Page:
A person who is not an American needs to be careful about making sweeping critical comments — “You Americans…” Think how you would react if someone, even a friend, criticized a member of your family. Americans often rally together when they feel attacked. Let an American offer the criticism.
Do not expect that you know Americans from movie or television stereotypes. Most Americans do not hunt, own guns, attend fundamentalist churches, or go to NASCAR races, for example. There are many variations in accent, political inclination, and opinions. Being open to surprises rather than “knowing” everything already is usually a good approach when traveling.
Do not assume that ethnic minorities do not see themselves as “Americans” — you will risk appearing patronizing and insulting.
Many words that might be acceptable in other languages are considered improper — a sign of either ignorance or a lack of cultivation — in general company. Do not use obscenities to service personnel, police officers, teachers, or strangers.
Most Americans will respond to a person who is lost and needs directions. Tourists are often pleasantly surprised by the conversations that they have with Americans.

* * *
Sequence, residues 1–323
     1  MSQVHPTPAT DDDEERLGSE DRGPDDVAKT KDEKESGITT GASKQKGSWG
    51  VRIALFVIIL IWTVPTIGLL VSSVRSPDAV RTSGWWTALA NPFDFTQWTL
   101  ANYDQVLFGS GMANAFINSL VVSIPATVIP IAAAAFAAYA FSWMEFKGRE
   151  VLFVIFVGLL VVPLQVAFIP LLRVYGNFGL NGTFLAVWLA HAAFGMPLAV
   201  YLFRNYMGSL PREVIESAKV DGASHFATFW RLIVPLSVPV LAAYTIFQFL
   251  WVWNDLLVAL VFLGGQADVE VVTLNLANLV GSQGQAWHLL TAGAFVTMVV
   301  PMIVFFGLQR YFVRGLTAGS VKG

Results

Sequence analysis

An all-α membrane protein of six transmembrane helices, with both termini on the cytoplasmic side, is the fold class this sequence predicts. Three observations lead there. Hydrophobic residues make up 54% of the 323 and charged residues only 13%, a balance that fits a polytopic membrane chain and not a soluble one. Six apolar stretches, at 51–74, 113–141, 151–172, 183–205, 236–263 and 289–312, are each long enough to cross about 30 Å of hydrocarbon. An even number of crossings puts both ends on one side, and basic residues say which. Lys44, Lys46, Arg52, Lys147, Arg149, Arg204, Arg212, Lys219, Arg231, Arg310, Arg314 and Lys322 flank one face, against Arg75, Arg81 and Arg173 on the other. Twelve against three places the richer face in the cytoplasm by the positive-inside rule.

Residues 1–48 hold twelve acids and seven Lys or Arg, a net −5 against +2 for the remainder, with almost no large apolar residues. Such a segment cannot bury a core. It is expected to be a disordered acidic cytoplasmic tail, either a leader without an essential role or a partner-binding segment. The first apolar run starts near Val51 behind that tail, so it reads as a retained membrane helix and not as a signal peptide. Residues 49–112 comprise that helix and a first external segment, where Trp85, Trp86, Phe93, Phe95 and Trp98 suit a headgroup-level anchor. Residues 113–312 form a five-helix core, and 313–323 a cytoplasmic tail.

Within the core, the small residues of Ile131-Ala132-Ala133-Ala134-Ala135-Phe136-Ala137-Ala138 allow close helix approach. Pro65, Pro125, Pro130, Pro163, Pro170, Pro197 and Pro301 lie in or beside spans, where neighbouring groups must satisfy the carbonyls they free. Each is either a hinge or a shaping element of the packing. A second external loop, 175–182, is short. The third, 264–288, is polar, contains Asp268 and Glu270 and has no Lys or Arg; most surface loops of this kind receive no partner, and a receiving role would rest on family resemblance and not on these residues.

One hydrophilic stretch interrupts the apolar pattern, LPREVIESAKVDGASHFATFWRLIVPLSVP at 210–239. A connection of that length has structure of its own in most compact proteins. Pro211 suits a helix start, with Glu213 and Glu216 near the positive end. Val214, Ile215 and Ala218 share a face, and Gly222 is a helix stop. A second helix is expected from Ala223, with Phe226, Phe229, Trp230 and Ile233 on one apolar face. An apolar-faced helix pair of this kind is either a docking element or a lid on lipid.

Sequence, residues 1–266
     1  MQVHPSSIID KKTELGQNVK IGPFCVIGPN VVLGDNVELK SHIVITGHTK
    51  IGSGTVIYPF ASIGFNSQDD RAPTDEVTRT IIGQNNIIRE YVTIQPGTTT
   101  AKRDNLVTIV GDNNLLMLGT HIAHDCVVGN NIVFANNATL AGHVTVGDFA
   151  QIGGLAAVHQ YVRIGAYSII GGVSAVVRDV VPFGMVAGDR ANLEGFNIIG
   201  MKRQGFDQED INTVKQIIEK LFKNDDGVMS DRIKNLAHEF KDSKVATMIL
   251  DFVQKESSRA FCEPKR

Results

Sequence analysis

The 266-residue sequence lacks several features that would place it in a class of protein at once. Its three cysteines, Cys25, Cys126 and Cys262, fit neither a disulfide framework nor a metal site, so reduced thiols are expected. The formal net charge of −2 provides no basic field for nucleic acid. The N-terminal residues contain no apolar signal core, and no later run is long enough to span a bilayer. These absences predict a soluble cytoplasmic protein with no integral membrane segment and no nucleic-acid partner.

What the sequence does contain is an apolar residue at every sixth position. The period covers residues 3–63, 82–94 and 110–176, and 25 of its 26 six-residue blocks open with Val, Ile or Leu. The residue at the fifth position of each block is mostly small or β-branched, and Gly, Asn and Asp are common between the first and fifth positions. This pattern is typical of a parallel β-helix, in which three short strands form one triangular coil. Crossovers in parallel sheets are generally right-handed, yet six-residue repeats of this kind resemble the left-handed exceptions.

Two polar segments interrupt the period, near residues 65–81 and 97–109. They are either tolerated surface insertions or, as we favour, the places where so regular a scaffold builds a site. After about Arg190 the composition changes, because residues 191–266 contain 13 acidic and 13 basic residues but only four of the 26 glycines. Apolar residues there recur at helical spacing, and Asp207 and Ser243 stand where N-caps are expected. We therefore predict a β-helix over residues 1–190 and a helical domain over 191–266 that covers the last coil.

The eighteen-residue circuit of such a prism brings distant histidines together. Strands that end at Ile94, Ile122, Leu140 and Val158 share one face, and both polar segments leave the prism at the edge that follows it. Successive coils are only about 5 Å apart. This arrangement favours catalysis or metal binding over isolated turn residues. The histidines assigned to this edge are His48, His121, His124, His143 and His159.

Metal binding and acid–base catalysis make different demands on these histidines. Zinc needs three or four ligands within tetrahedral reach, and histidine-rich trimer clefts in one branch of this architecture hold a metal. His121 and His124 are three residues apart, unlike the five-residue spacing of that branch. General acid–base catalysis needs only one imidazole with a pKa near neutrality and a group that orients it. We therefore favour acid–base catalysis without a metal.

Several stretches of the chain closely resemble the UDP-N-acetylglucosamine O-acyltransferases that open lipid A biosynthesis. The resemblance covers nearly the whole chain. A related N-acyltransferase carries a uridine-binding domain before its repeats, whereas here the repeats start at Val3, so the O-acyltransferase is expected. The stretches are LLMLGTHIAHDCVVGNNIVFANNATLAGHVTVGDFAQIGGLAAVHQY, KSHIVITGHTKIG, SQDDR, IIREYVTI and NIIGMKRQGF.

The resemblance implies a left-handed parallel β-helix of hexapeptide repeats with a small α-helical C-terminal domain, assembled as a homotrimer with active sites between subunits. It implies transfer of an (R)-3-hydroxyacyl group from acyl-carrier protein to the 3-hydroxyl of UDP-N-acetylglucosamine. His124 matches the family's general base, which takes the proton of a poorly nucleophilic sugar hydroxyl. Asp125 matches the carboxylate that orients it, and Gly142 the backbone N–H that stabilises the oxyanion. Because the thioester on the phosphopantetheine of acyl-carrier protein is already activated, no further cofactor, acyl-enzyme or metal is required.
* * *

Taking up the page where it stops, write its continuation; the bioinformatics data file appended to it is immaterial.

Do not ask personal questions of others — money is not (however it may have been in the past) an easy topic to discuss; never ask someone how much he or she makes or if they are “rich.” Sex, health, weight, and other personal topics should not be brought up except among close friends — and even then there are limitations. Avoid religion and politics, except as an abstract or academic discussion.
Never use a racial or religious epithet or make jokes about a group of which you are not a member. Do not point out people who look “different” or stare at them.
There is an acceptable physical distance to keep. If you are forced (e.g., in a crowded elevator) to be closer, do not make eye contact. Keep your hands to yourself.
Smoking is not allowed indoors in many places, or outdoors (NYC parks, for example). It is not considered sophisticated or “liberated,” anymore.
Do not ask too many questions about a person’s family.
Do not assume, as one foreign visitor once told me, that all Americans had ancestors who were criminals that were shipped here (!).
Do not harp about how the Chinese are taking over America and will rule the world — just like the former Soviet Union, or Japan, or a United Europe was supposed to do, not that long ago. Furthermore, most Americans do not want to rule the world — just talk to some real people and you can find that out. American nationalism can sound childish, like sporting chants, but it is not as serious as Nuremberg rallies or North Korean propaganda.